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Artist: VV.AA.
Title: Rise of the Under Dogs vol.1
Format: Download Only (MP3 + Lossless)
Label: IM:Ltd (@)
Distributor: Triple Vision
Rated: *****
Parisian label IM:Ltd by dj, producer and graphic designer Caine has been one of the most wondrous and stylistically labyrinthine of the scene in the last years, so that a retrospective compilation which could furnish an immediate and concise proof of such a strain on sound machines cannot but suit to a T. All ten tracks, which have been included in this selection, make a good impression and encompass the wide stylistical range IM:Ltd's trying to thrust. From the initial glitchy and somewhat sinister witchcraft by young Polish dnb producer Mortem on "Whispers" to the final aerostatic lyrical "Above The Clouds" by Glen E.Ston, an array of pleasures will delight listener's cochleas: the beeping computational arcane sonoritires of Belgian producer Meersman Olivier aka Atmospherix on "CPU", remarkably edgy shots of "Elektronic Angels" by talented producer Alex Judd aka Soul Intent, the amazing crossbreed of glitchy clicks and wicked bass of "Surrealism" (already a classic!) by Italian Arp Xp, the catchy bonebreaking flows of "Monopole" by London-based trio Future Signal, the crisp blown claps and beats of "Sabbah" by Hibea, the flying kicks of kung-fu inspired "Travelling Man" by Mad Rabbit, the melancholic blurred shades by Hobzee & Zyon Base on "Black & White Movie" and the demimonde waxed song "Universe" by Gunston. "Rise of The Under Dogs" includes so many palatable tunes that you cannot hope the label will keep on paving its way.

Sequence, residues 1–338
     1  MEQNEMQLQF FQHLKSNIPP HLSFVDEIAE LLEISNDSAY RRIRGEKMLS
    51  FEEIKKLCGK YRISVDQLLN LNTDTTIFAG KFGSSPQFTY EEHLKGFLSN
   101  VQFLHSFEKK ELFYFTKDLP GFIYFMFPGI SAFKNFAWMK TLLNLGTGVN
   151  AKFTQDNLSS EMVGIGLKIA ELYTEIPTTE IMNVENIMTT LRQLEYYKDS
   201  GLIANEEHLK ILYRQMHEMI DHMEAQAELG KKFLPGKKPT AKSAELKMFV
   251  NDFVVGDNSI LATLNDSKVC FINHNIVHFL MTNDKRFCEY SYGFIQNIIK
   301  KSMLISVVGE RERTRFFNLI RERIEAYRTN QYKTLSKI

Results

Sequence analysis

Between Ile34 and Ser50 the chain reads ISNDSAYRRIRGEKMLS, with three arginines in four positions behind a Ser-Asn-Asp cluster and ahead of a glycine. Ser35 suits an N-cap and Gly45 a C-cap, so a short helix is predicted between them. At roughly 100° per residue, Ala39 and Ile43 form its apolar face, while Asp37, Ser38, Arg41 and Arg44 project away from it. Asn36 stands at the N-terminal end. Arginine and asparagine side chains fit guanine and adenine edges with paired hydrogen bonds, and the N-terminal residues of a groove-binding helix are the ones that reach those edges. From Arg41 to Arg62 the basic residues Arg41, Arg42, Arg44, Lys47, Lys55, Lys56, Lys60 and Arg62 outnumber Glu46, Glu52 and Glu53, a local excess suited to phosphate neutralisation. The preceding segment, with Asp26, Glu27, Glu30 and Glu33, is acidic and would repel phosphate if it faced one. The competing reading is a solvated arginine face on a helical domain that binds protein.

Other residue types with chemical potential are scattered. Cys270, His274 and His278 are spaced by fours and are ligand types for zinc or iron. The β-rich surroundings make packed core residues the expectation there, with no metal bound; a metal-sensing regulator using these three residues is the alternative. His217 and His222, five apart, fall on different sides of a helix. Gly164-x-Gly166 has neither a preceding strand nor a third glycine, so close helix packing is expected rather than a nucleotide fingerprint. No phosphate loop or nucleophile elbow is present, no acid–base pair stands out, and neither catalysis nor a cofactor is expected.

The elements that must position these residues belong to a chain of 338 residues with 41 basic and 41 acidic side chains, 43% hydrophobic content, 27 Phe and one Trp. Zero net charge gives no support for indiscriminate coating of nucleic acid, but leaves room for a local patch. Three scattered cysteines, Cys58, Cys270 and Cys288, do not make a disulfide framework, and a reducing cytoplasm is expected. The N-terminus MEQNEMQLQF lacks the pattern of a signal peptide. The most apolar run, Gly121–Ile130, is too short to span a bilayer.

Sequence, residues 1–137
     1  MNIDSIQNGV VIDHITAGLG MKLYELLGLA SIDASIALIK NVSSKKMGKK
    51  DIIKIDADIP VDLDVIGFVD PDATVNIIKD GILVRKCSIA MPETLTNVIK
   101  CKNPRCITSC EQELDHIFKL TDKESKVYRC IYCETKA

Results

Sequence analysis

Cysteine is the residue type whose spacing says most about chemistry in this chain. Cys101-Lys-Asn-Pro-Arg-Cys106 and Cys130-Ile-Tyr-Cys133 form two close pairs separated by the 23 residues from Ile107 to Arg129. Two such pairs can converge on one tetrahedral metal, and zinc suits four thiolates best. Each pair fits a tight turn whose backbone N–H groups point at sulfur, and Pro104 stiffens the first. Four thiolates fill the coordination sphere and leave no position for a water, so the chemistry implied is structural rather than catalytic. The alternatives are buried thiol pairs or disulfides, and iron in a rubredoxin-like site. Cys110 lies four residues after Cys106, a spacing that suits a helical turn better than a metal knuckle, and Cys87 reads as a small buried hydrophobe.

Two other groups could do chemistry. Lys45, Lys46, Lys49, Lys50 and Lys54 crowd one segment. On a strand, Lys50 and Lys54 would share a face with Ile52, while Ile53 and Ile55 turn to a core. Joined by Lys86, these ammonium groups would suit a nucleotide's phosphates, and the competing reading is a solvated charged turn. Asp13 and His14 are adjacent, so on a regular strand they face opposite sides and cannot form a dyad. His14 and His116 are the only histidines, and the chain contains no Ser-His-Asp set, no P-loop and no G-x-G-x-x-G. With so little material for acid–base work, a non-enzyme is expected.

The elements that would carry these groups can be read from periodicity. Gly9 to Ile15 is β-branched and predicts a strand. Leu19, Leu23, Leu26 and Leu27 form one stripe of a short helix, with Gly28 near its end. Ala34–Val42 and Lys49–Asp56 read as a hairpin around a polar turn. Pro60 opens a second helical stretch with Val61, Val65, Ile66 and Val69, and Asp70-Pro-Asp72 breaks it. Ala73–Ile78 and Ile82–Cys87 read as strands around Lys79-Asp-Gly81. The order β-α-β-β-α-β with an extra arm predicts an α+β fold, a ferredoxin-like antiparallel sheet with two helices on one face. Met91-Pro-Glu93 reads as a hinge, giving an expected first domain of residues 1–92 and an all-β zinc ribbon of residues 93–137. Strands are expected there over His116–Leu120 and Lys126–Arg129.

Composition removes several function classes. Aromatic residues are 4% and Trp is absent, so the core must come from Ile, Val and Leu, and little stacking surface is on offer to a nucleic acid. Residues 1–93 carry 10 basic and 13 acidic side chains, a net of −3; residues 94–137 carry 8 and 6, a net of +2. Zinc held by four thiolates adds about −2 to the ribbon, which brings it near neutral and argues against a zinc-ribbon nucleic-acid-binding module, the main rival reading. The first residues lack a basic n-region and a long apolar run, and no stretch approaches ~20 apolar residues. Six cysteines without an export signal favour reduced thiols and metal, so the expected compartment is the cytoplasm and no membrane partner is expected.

VV.AA.: SOM 5

 Posted by Maurizio Pustianaz (@)   Electronics / EBM / Electronica
 Edit (7414)
Jan 28 2013
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Artist: VV.AA.
Title: SOM 5
Format: 2 x CD (double CD)
Label: Solar One Music
Rated: *****
Born in the mid 00s the label founded in Jena, Germany, by Nico Jagiella and Robert Witschakowski, Solar One Music has been the right place for finding electronic sounds influenced by Detroit techno, Miami deep basslines, acid and differents sorts of experimentations. Three years ago I discovered their sounds and decided to review all their releases and to interview Nico; you can find that article at this link http://www.chaindlk.com/interviews/solar-one-music/. Solar One Music made of the phrase "Something different, something special" its manifesto and with the compilation SOM5 (its twentieth release) wanted to release something even more special: this time to celebrate they released a 2CD compilation housed into a A4 32 pages color booklet containing photos, interviews and background story for everyone of the 22 artists present on the CDs. With unreleased and some released tracks (like DVS NME's "Unobtainium"), the compilation offers a good view on the state of underground electronic music touching different influences. We have the electro driven sounds with some ambient elements of Hyboid, CN, -=UHU=-, Plant43, Komarken, The Exaltics Meets Crotaphytus; the Detroit techno syncopated rhythms of Defekt, Dcast Dynamics, Goliath, DVS NME, Arnold Steiner, Sync 24, Headnoaks and CPU; the electro atmospheres of CRC, Frank Di Sarrio, Heinrich Dressel and Scape One; the semi industrial experimentations of Schmerzlabor; the electro acid sounds of Dioxine Waves; the horror Twin Peaks influenced perversions of Elec Pt1; the Miami techno influences of Matti Turunen (member of Morphology). For sure you'll find different tracks you'll love and I'm sure you'll want to hear more!